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Stunning space pictures are captured by an amateur astronomer from his back garden in Essex 

Stunning pictures of the Moon and the Milky Way have been captured by an amateur astronomer from his back garden in Southend-on-Sea, in Essex.

Dawid Glawdzin, 37, often spends hours out at night in the freezing cold using his digital single-lens reflex camera to get the perfect shot.

Among his subjects have been the Running Man, Rosette and Orion Nebulae, as well as the Sun and the Andromeda Galaxy that lies some 2.5 million light years from Earth.

Stunning pictures of the Moon and the Milky Way have been captured by an amateur astronomer from his back garden in Southend-on-Sea, in Essex. Pictured, one of Mr Glawdzin’s shots of a distant nebula using his digital single-lens camera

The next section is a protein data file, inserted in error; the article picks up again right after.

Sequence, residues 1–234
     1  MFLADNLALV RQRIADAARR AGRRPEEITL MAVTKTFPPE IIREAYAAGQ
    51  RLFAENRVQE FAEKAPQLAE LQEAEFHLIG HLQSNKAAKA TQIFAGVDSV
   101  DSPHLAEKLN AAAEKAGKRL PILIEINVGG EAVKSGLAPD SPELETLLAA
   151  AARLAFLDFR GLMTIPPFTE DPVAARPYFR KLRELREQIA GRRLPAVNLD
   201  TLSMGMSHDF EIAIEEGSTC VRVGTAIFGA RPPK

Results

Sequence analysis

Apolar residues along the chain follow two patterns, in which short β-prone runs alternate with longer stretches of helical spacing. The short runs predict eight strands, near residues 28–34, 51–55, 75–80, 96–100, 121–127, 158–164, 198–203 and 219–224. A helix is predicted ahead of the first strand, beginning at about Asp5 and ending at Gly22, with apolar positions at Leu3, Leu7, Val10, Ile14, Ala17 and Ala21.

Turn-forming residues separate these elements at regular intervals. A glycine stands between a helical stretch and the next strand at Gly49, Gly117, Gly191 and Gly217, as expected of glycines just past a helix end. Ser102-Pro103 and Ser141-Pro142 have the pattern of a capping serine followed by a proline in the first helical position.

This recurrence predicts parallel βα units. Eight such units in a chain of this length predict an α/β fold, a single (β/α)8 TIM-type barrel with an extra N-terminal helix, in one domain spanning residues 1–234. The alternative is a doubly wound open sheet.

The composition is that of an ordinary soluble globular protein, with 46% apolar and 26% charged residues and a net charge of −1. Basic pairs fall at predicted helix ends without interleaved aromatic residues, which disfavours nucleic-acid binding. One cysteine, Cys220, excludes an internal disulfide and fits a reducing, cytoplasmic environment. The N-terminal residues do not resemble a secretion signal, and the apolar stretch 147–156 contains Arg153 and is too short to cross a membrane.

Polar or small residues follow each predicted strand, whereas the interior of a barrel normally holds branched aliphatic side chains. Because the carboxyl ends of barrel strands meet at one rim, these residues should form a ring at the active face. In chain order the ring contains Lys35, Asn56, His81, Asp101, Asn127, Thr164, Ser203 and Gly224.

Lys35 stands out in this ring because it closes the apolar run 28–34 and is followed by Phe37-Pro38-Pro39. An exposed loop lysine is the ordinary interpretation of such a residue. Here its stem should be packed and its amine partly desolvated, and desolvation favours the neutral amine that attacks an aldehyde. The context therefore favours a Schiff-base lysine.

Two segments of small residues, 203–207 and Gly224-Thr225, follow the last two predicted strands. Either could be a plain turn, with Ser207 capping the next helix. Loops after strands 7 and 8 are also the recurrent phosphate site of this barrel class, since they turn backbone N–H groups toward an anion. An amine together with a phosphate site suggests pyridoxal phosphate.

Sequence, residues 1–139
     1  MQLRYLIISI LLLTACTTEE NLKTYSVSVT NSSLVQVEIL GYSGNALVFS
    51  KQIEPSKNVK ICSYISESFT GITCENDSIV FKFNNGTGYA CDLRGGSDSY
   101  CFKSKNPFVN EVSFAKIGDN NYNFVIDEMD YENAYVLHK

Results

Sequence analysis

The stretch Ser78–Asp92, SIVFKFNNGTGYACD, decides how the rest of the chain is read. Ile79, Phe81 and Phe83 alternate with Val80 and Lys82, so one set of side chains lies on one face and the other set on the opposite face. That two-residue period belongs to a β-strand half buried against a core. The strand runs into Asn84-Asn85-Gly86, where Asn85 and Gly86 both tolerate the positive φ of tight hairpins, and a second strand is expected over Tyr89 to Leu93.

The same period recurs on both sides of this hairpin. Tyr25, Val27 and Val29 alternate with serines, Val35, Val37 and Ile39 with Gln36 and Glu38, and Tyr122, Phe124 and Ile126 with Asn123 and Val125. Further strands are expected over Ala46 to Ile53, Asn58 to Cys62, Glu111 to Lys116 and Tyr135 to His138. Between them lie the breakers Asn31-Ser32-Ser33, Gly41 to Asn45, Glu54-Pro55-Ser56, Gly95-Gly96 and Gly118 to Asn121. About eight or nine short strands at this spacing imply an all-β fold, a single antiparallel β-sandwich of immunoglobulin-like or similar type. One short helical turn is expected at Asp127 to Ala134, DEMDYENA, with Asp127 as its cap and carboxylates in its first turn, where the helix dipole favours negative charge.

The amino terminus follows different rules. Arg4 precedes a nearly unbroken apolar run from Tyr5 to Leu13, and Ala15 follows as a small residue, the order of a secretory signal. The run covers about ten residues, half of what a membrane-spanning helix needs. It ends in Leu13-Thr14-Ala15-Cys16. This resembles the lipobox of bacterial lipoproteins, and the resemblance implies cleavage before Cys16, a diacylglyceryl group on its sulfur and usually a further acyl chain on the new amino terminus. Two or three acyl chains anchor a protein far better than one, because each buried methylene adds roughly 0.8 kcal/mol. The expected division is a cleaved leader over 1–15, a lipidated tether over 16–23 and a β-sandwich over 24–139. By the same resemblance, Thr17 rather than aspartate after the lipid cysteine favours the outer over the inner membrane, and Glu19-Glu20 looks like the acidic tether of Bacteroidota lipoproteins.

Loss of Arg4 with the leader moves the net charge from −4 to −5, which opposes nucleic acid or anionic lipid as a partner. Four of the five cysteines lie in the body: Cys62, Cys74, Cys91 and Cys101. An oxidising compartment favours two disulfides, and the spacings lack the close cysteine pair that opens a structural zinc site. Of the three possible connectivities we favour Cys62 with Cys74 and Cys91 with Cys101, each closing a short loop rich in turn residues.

In one stunning sequence Mr Glawdzin took, the moon can be seen rising above the Earth's horizon from the ruins of Hadleigh Castle, which overlooks Canvey Island and the Thames Estuary. To get that image, Dawid captured a series of images over three hours that he then combined as to show the moon rising up into the night sky

In one stunning sequence Mr Glawdzin took, the moon can be seen rising above the Earth’s horizon from the ruins of Hadleigh Castle, which overlooks Canvey Island and the Thames Estuary. To get that image, Dawid captured a series of images over three hours that he then combined as to show the moon rising up into the night sky